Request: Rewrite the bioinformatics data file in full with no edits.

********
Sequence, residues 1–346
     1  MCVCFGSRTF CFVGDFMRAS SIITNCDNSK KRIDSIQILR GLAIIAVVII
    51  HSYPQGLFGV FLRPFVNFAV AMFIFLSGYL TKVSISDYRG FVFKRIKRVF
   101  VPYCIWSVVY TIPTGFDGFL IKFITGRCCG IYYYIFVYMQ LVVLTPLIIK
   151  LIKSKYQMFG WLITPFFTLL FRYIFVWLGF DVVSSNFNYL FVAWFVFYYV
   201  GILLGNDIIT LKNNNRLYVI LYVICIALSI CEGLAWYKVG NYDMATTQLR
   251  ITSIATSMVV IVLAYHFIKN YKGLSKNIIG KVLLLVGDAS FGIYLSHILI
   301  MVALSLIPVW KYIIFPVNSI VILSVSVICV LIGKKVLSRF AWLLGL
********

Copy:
Sequence, residues 1–346
     1  MCVCFGSRTF CFVGDFMRAS SIITNCDNSK KRIDSIQILR GLAIIAVVII
    51  HSYPQGLFGV FLRPFVNFAV AMFIFLSGYL TKVSISDYRG FVFKRIKRVF
   101  VPYCIWSVVY TIPTGFDGFL IKFITGRCCG IYYYIFVYMQ LVVLTPLIIK
   151  LIKSKYQMFG WLITPFFTLL FRYIFVWLGF DVVSSNFNYL FVAWFVFYYV
   201  GILLGNDIIT LKNNNRLYVI LYVICIALSI CEGLAWYKVG NYDMATTQLR
   251  ITSIATSMVV IVLAYHFIKN YKGLSKNIIG KVLLLVGDAS FGIYLSHILI
   301  MVALSLIPVW KYIIFPVNSI VILSVSVICV LIGKKVLSRF AWLLGL